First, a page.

Background: Asf1 is a ubiquitous eukaryotic histone binding and deposition protein that mediates nucleosome formation in vitro and is required for genome stability in vivo. Studies in a variety of organisms have defined Asf1's role as a histone chaperone during DNA replication through specific interactions with histones H3/H4 and the histone deposition factor CAF-I. In addition to its role in replication, conserved interactions with proteins involved in chromatin silencing, transcription, chromatin remodeling, and DNA repair have also established Asf1 as an important component of a number of chromatin assembly and modulation complexes.
Results: We demonstrate that the highly conserved N-terminal domain of S. cerevisiae Asf1 (Asf1N) is the core region that mediates all tested functions of the full-length protein. The crystal structure of this core domain, determined to 1.5 A resolution, reveals a compact immunoglobulin-like beta sandwich fold topped by three helical linkers. The surface of Asf1 displays a conserved hydrophobic groove flanked on one side by an area of strong electronegative surface potential. These regions represent potential binding sites for histones and other interacting proteins. The structural model also allowed us to interpret mutagenesis studies of the human Asf1a/HIRA interaction and to functionally define the region of Asf1 responsible for Hir1-dependent telomeric silencing in budding yeast.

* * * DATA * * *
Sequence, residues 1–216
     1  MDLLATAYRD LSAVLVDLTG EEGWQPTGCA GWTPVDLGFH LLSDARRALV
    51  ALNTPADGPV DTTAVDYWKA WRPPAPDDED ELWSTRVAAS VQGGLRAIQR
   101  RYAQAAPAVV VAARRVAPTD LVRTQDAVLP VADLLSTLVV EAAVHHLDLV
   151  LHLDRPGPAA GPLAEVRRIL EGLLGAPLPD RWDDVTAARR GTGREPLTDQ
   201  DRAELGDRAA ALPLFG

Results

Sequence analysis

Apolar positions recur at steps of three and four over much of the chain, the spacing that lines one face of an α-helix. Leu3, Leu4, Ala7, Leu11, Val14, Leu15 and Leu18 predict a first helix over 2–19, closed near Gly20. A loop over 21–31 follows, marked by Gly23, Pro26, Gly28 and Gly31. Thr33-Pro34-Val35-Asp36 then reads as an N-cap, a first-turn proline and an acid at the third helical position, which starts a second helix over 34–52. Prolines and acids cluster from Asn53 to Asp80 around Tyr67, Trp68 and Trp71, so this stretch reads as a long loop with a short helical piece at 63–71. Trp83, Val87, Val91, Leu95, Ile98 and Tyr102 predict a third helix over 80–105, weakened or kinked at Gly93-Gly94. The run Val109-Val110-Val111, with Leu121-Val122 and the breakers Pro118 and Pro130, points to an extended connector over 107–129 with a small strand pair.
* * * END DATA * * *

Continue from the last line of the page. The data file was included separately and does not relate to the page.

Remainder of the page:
Conclusions: The evolutionarily conserved, N-terminal 155 amino acids of histone deposition protein Asf1 are functional in vitro and in vivo. This core region of Asf1 adopts a compact immunoglobulin-fold structure with distinct surface characteristics, including a Hir protein binding region required for gene silencing.